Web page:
Local police could be using radar to enforce speeding

Katie Katro Image
Friday, June 28, 2019
Local police could be using radar to enforce speeding
Local police could be using radar to enforce speeding. Katie Katro reports during Action News at 5:30 p.m. on June 28, 2019.

HAVERTOWN, Pa. (WPVI) -- The Senate approved a bill this week to allow local police officers to use radar to enforce speeding.

The Senate voted on Tuesday, 49 to 1, to approve legislation sponsored by Senator Mario Scavello, to let Pennsylvania municipal police utilize radar for speed enforcement.

Residents around Havertown said they're fed up with cars speeding around town.

"I'm so scared that my kids are gonna run out, and get hit. They just need to slow down," said Michele Small, from Upper Darby.

"If I do have kids one day, I would really like the police to be able to monitor that as well as possible," said Dylan Ostrow.

Haverford police said when they enforce speeding now it takes a lot of manpower.

"Speeding complaints are one of our biggest issues throughout Delaware County," said Chief John Viola, Haverford Township police.

Currently, Pennsylvania is the only state that doesn't allow local police officers to use radar guns for speeding enforcement.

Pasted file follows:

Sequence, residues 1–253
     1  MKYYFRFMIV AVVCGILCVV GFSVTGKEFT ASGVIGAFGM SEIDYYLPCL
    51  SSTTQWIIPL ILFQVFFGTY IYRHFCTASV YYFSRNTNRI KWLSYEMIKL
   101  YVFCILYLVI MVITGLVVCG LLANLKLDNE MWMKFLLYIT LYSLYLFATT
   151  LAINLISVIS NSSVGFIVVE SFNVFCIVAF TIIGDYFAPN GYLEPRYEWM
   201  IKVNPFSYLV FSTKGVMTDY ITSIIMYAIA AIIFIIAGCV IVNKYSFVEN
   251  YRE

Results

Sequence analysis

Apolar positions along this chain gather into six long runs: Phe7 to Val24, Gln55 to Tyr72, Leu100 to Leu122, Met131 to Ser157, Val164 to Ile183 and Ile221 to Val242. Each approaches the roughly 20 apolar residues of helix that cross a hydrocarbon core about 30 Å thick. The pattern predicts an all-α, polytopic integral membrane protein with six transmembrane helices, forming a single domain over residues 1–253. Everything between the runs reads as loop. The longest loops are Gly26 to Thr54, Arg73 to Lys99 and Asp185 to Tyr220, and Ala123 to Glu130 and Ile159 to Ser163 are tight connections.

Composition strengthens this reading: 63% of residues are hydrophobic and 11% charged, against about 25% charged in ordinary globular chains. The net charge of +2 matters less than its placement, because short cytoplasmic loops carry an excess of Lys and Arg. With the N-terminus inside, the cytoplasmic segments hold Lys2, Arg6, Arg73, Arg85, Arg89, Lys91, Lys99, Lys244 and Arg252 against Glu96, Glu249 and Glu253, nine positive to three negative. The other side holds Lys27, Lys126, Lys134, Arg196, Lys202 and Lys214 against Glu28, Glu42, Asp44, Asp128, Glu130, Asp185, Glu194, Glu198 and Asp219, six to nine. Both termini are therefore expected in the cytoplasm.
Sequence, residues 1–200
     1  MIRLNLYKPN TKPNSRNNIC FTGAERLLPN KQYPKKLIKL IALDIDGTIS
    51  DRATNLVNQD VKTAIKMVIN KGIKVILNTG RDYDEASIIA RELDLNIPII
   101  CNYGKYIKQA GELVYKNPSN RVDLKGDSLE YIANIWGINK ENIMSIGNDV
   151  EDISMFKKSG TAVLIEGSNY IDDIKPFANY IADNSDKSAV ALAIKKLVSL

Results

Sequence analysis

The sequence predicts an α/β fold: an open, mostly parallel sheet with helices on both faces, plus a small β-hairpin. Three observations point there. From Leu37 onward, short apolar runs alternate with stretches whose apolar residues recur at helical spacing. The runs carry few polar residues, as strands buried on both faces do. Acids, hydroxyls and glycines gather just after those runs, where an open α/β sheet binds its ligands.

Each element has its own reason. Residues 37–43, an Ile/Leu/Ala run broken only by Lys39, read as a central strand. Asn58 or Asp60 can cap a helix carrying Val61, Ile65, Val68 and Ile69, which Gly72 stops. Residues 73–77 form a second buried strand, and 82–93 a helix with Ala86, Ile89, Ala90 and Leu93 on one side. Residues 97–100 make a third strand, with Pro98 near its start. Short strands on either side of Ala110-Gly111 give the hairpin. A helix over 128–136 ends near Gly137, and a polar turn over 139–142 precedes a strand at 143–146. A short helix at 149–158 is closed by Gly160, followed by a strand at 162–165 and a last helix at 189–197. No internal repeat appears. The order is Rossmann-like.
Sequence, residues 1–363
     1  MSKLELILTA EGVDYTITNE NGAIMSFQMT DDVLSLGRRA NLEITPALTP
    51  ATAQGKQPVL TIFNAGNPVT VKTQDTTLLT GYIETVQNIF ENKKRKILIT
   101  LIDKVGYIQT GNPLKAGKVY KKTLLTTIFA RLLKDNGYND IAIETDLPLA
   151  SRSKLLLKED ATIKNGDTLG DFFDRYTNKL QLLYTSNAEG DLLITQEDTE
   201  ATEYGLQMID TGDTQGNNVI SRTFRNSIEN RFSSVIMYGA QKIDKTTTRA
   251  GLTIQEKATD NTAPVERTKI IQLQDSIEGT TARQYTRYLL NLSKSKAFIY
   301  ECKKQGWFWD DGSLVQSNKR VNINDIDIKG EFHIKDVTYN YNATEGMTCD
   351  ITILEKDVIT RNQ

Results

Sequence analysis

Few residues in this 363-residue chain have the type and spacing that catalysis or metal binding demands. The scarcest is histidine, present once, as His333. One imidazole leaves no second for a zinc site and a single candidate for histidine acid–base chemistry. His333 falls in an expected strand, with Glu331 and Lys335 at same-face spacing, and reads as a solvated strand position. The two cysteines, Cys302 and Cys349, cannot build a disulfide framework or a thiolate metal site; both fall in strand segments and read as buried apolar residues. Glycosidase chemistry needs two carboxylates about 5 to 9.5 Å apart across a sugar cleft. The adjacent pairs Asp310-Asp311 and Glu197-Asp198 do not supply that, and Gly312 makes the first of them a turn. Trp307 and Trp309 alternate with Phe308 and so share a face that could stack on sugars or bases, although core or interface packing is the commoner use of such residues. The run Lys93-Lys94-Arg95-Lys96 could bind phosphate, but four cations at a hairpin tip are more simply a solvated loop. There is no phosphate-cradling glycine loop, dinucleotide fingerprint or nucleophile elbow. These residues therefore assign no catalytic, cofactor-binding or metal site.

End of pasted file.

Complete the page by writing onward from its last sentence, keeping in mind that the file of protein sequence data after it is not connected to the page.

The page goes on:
Instead, police have to use an electronic speed timing device without radar and it takes three officers to set up.

"I remember as a kid knowing that Pennsylvania didn't have radar guns and kind of exploiting that, and now that I'm in my 30s, I feel like that's dangerous," said Bill Eismann, from Doylestown.

But some who are opposed said they think the police will use this as a way to make more money for the township.

"I think it would be a money grab if they're out enough they should be able to tell who's doing what," said Clayton Kent from Havertown.

Under the new bill, there's a cap, where a municipality could only keep 20% of the money from speeding tickets.

"It's not a money making device it's a safety tool," said Chief Viola.

The bill has been approved by the state Senate, now it needs to go the state House, where it was knocked down last year.